In lieu of an abstract, here is a brief excerpt of the content:

Journal of Women's History 11.1 (1999) 229-231



[Access article in PDF]

Abstracts of Books


Victoria E. Bonnell. Iconography of Power: Soviet Political Posters under Lenin and Stalin. Berkeley: University of California Press, 1997. xxii + 363 pp.; ill. ISBN 0-520-08712-7 (cl).

Bonnell skillfully employs work and theory of numerous disciplines--including sociology, history, art history, and literary criticism--to describe and decipher "invented traditions" in visual propaganda of the Soviet state from its inception through the late Stalin period. Using over five thousand posters, Bonnell composes thought-provoking discussions of the visual texts relying on comparisons to the European experience as well as references to classical tradition, religious imagery, and Russian traditional folklore and iconography. Set off by beautiful illustrations and strong historical context, this is an invaluable book for anyone interested in modern state attempts to control and infiuence their populations through propaganda, the response and shaping of these attempts by the people and their culture, and, especially, the under-investigated context of Russian posters. The well-rounded, gendered interpretations of these images will provoke discussions in upper-level undergraduate and graduate courses.

Tricia Starks
Avtar Brah. Cartographies of the Diaspora: Contesting Identities. New York: Routledge, 1996. xi + 276 pp. ISBN 0-415-12125-6 (cl); 0-415-12126-4 (pb).

Brah suggests that the idea of "diaspora" be used to frame current theoretical debates about race and gender. Grounding her ideas in empirical studies of South Asians in Britain, she tries to give credence to commonalities of experience among various social groups while respecting the endless differences generated by individual experience. She rejects binary constructions of race by raising issues of caste, religion, ethnicity, and age. Despite forces that fragment social categories, however, unified political subjects can be constructed, as she illustrates with her examination of "black" political organizing in Britain (which embraced African-Caribbean and South Asian people) in the 1960s and 1970s.

Pippa Holloway [End Page 229]
Mary Buckley, ed. Post-Soviet Women: From the Baltic to Central Asia. Cambridge: Cambridge University Press, 1997. xvii + 316 pp.; ill.; maps. ISBN 0-521-56320-8 (cl).

The fifteen essays in this volume survey women's position in post-Soviet states of the former USSR. The work is divided into two parts: women in the Russian Federation and women outside Russia in newly independent states. In part 1, contributors examine the impact of economic change on rural women, women and entrepreneurship, perceptions of Russian womanhood, domestic violence, and women's groups. In part 2, they explore the political and social lives of Latvian and Lithuanian women, Ukrainian women's agency, the redefinition of gender responsibilities in Armenia, a women's peace train in Georgia, and the dilemma facing Central Asian women who, in their struggle to create post-Soviet identities for themselves, strive to balance modern Soviet life with reemerging Turkic tradition. There are no essays about Moldavia, Belorussia, Estonia, or Azerbaijan.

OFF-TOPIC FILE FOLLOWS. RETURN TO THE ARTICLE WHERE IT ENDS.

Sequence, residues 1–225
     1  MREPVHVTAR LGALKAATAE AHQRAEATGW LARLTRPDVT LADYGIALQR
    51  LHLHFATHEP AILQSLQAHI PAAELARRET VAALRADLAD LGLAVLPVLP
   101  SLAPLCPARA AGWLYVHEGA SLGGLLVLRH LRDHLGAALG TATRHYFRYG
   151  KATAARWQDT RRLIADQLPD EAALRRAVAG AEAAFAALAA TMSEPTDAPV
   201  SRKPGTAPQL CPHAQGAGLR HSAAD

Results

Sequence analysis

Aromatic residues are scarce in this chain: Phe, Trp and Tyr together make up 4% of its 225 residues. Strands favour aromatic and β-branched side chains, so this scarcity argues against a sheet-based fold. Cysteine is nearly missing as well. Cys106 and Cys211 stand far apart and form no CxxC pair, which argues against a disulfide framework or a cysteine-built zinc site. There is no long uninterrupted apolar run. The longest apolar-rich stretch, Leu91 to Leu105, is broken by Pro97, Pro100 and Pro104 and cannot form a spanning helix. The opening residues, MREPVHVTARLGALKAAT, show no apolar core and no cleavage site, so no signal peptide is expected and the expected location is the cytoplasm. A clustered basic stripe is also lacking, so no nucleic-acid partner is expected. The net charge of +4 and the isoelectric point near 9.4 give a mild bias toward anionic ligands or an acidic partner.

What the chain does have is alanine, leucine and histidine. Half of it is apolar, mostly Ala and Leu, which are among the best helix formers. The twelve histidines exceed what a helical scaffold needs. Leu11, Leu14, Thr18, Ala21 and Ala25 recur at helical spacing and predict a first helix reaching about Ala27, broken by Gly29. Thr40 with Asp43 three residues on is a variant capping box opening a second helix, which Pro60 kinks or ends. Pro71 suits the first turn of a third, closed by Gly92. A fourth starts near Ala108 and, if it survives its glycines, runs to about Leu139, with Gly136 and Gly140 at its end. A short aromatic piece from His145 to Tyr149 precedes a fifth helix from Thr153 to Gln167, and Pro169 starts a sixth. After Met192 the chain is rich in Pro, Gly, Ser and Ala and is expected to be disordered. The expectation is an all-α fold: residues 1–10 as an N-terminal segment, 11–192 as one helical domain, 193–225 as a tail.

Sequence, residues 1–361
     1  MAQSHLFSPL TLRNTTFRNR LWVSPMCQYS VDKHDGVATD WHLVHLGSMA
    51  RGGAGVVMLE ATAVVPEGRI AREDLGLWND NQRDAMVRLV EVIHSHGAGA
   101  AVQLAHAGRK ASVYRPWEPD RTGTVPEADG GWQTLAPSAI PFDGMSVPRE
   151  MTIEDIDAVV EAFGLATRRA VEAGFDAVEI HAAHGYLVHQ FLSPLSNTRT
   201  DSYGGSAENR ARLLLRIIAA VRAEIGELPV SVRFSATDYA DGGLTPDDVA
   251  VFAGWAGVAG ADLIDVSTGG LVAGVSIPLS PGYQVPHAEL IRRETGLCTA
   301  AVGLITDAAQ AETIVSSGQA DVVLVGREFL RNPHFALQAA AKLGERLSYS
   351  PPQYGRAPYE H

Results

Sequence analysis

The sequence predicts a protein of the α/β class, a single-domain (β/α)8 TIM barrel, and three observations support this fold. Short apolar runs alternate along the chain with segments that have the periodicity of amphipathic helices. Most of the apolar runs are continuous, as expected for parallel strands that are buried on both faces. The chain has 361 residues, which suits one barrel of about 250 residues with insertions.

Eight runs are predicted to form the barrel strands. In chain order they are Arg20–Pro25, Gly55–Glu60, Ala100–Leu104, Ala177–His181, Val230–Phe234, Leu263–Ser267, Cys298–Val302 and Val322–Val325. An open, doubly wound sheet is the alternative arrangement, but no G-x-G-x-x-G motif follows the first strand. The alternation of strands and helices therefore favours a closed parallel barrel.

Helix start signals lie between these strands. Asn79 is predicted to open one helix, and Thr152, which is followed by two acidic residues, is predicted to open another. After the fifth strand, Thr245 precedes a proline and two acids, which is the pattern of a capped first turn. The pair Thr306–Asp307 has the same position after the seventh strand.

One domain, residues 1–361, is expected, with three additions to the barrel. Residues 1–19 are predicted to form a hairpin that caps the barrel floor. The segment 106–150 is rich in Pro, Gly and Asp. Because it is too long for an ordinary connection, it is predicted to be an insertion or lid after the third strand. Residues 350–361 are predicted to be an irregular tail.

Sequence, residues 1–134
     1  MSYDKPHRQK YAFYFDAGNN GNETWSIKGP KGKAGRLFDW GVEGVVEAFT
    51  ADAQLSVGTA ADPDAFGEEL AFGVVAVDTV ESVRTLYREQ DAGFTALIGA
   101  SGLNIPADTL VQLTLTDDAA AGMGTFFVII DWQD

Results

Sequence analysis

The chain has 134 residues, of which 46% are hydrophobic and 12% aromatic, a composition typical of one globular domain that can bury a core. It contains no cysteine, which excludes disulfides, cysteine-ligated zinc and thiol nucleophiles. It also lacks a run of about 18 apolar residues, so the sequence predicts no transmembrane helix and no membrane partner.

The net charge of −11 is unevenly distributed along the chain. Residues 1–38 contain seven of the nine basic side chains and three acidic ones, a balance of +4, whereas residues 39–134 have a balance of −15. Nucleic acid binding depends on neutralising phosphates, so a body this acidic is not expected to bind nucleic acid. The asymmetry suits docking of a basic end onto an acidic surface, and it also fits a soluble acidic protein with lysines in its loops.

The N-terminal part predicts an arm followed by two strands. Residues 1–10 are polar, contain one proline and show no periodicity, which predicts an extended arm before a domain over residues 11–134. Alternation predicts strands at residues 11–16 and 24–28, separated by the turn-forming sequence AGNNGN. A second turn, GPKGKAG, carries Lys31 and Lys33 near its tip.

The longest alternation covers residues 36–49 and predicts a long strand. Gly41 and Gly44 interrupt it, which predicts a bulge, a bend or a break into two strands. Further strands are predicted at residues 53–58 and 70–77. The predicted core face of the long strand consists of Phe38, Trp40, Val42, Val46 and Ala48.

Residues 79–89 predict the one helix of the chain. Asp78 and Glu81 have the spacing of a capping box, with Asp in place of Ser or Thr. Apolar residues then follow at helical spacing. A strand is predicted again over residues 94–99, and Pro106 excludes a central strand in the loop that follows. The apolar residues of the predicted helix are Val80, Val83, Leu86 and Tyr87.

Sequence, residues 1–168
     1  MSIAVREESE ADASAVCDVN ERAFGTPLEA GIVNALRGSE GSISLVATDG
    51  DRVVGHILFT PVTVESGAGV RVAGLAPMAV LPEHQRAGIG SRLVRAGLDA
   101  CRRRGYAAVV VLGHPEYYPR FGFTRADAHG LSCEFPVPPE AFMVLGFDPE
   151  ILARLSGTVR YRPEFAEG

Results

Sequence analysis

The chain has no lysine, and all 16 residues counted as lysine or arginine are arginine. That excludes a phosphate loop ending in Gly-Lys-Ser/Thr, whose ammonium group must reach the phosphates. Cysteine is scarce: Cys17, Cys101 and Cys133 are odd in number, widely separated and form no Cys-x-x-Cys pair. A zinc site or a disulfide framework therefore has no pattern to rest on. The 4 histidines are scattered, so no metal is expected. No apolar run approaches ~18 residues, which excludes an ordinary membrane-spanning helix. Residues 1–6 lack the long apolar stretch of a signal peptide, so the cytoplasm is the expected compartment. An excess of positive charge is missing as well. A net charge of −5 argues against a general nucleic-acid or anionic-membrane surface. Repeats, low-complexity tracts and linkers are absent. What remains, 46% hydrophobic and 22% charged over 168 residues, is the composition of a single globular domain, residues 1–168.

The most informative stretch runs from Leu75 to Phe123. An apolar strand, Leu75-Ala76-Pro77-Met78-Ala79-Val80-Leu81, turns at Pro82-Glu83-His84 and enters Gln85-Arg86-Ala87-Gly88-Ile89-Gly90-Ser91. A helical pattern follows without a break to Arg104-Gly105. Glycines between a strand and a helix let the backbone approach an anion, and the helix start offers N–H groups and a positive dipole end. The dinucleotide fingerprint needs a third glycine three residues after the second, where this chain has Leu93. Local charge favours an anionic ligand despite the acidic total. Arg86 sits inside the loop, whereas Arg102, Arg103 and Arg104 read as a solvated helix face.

Victoria Clement
Jean Curthoys. Feminist Amnesia: The Wake of Women's Liberation. New York: Routledge, 1997. xii + 200 pp. ISBN 0-19-511242-3 (cl); 0-415-14807-3 (pb).

This work provocatively examines the disjuncture between contemporary radical thought and the conservative institutional environment in which it must be practiced and taught. Curthoys analyzes the evolution of academic feminism as a case in which this disjuncture has been detrimental to the values that originally provided the underpinning to the radical feminist thought. She draws on the almost abandoned women's liberation movement to illustrate the ways in which radical feminist thought has had to disassociate itself from the very movement and morale that gave it its original and continuing broad-based support, in order to secure a position and some degree of power within the institutional confines of universities.

Allyson M. Lowe
Julio César Pino. Family and Favela: The Reproduction of Poverty in Rio de Janeiro. Westport, Conn.: Greenwood Press, 1997. x + 199 pp.; maps; tables. ISBN 0-313-30362-2 (cl).

This work explores how social inequality is reproduced in Brazil by focusing on three favelas (shantytowns) of Rio de Janeiro. The author details changes in household structure...

pdf

Additional Information

ISSN
1527-2036
Print ISSN
1042-7961
Pages
pp. 229-231
Launched on MUSE
2003-12-25
Open Access
No
Back To Top

This website uses cookies to ensure you get the best experience on our website. Without cookies your experience may not be seamless.